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The name Demonology covers dreams, omens, coincidences, luck, sortilege, magic, and other experiences which shun rather than court inquiry, and deserve notice chiefly because every man has usually in a lifetime two or three hints in this kind which are specially impressive to him. They also shed light on our structure.

The witchcraft of sleep divides with truth the empire of our lives. This soft enchantress visits two children lying locked in each other's arms, and carries them asunder by wide spaces of land and sea, and wide intervals of time:

“ There lies a sleeping city, God of dreams !

What an unreal and fantastic world
Is going on below!
Within the sweep of yon encircling wall
How many a large creation of the night,
Wide wilderness and mountain, rock and sea,
Peopled with busy, transitory groups,
Finds room to rise, and never feels the crowd.”

1 From the course of lectures on “ Human Life," read in Boston, 1839-40. Published in the North American Review, 1877.

'Tis superfluous to thirik of the dreams of multitudes, the astonishment remains that one should dream ; that we should resign so quietly this deifying Reason, and become the theatre of delirious shows, wherein time, space, persons, cities, animals, should dance before us in merry and mad confusion ; a delicate creation outdoing the prime and flower of actual nature, antic comedy alternating with horrid pictures.

Sometimes the forgotten companions of childhood reappear :

" They come, in dim procession led,
The cold, the faithless, and the dead,
As warm each hand, each brow as gay,

As if they parted yesterday: "
or we seem busied for hours and days in peregrina-
tions over seas and lands, in earnest dialogues,
strenuous actions for nothings and absurdities,
cheated by spectral jokes and waking suddenly
with ghastly laughter, to be rebuked by the cold,
lonely, silent midnight, and to rake with confusion
in memory among the gibbering nonsense to find
the motive of this contemptible cachinnation.
Dreams are jealous of being remembered; they
dissipate instantly and angrily if you try to hold
them. When newly awaked from lively dreams,
we are so near them, still agitated by them, still in
their sphere, — give us one syllable, one feature,
one hint, and we should repossess the whole; hours

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of this strange entertainment would come trooping back to us; but we cannot get our hand on the first link or fibre, and the whole is lost. There is a strange wilfulness in the speed with which it disperses and baffles our grasp.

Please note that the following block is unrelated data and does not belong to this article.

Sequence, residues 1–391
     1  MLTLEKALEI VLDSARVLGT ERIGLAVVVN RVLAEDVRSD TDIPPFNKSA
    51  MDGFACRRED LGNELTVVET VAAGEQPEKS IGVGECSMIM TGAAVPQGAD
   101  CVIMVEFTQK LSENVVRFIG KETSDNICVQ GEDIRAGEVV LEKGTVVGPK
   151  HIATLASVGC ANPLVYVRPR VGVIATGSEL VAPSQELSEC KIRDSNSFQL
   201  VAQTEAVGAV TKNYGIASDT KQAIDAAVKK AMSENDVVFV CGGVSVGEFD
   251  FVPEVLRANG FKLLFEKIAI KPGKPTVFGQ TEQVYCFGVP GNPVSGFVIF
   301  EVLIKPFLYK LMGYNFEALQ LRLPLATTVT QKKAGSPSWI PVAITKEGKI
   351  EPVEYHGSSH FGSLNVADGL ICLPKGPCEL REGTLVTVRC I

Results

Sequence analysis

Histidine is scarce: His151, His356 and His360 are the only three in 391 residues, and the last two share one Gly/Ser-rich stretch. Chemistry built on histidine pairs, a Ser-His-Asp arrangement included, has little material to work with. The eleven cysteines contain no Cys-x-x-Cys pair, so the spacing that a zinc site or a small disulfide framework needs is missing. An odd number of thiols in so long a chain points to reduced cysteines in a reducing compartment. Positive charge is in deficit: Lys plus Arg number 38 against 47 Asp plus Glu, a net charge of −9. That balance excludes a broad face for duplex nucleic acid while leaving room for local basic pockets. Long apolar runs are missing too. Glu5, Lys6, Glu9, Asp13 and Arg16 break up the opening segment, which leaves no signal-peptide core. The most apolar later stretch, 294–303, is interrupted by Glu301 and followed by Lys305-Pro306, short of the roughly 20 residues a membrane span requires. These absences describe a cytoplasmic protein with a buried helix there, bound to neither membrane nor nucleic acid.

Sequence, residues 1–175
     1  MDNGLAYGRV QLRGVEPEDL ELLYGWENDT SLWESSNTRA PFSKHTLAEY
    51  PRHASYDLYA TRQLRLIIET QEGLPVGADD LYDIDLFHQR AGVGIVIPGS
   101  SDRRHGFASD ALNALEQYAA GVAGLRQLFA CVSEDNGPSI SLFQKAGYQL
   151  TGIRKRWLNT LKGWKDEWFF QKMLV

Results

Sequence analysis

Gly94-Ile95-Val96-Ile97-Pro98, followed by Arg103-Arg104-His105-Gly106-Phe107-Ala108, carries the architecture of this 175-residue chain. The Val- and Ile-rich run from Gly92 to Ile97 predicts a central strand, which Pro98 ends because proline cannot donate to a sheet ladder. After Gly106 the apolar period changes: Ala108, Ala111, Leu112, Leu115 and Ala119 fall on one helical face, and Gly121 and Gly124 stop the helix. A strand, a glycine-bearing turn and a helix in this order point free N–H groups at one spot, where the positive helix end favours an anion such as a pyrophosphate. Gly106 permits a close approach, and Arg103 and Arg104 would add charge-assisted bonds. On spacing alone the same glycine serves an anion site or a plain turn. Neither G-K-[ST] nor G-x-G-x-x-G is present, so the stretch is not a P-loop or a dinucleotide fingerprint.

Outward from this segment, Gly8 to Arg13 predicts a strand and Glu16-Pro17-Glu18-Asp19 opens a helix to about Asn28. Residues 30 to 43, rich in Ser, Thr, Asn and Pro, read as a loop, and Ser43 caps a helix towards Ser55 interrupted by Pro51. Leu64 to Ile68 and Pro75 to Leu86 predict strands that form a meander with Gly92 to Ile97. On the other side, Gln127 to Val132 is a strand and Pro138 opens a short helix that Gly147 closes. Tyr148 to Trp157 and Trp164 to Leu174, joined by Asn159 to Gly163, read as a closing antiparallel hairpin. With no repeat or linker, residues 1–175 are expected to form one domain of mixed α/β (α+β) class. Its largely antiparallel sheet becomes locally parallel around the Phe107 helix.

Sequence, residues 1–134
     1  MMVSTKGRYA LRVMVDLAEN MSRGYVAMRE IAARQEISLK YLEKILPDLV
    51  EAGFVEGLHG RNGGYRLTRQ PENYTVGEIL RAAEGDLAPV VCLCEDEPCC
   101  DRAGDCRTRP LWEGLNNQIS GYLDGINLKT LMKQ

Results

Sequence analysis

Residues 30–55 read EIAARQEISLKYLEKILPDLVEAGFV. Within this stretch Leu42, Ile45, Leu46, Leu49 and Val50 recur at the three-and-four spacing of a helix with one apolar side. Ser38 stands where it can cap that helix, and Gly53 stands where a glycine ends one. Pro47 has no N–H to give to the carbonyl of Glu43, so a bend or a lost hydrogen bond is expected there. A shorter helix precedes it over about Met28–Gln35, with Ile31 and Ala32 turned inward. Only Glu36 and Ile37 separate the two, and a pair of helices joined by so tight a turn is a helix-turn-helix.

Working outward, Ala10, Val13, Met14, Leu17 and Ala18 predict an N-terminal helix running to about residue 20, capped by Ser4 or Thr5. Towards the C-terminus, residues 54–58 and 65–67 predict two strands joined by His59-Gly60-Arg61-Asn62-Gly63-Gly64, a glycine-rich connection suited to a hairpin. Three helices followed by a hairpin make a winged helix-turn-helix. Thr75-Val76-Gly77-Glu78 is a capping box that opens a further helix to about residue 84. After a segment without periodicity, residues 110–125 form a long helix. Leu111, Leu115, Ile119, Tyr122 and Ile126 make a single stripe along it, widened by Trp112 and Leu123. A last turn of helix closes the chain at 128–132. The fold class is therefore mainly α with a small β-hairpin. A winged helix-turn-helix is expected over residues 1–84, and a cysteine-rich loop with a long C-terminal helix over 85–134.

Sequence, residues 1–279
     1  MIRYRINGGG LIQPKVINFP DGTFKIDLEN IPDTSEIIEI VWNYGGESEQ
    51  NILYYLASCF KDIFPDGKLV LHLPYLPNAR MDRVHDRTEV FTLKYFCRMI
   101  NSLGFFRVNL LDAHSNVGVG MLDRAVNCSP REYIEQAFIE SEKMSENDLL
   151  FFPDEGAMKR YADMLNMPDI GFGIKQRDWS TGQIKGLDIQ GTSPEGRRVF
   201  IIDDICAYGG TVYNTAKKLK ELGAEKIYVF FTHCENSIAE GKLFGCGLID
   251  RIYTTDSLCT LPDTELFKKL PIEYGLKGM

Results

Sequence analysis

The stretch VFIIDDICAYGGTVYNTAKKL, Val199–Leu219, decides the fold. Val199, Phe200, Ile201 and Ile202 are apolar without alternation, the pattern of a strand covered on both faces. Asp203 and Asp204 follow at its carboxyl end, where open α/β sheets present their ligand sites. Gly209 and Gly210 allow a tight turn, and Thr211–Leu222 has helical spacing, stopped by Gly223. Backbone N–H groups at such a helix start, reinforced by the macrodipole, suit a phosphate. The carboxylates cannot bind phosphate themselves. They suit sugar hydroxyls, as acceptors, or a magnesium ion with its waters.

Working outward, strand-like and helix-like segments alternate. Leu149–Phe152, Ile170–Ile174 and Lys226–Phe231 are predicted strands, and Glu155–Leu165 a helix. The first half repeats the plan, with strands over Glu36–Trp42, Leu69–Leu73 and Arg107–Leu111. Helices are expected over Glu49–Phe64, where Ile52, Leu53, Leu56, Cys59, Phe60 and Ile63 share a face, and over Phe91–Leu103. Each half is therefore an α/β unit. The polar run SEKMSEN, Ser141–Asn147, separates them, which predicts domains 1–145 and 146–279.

A dislocation seems to be the foremost trait of dreams. A painful imperfection almost always attends them. The fairest forms, the most noble and excellent persons, are deformed by some pitiful and insane circumstance. The very landscape and scenery in a dream seem not to fit us, but like a coat or cloak of some other person to overlap and encumber the wearer; so is the ground, the road, the house, in dreams, too long or too short, and if it served no other purpose would show us how accurately nature fits man awake.

There is one memory of waking and another of sleep. In our dreams the same scenes and fancies are many times associated, and that too, it would seem, for years. In sleep one shall travel certain roads in stage-coaches or gigs, which he recognizes as familiar, and has dreamed that ride a dozen times; or shall walk alone in familiar fields and meadows, which road or which meadow in waking hours he never looked upon.

This feature of dreams deserves the more attention from its singular resemblance to that obscure yet startling experience which almost every person confesses in day.

light, that particular passages of conversation and action have occurred to him in the same order before, whether dreaming or waking; a suspicion that they have been with precisely these persons in precisely this room, and heard precisely this dialogue, at some former hour, they know not when.

Animals have been called “the dreams of nature.” Perhaps for a conception of their consciousness we may go to our own dreams. In a dream we have the instinctive obedience, the same torpidity of the highest power, the same unsurprised assent to the monstrous as these metamorphosed men exhibit. Our thoughts in a stable or in a menagerie, on the other hand, may well remind us of our dreams. What compassion do these imprisoning forms awaken! You may catch the glance of a dog sometimes which lays a kind of claim to sympathy and brotherhood. What! somewhat of me down there? Does he know it? Can he too, as I, go out of himself, see himself, perceive relations? We fear lest the poor brute should gain one dreadful glimpse of his condition, should learn in some moment the tough limitations of this fettering organization. It was in this glance that Ovid got the hint of his metamorphoses ; Calidasa of his transmigration of souls. For these fables are our own thoughts carried out. What keeps those wild tales in circulation for

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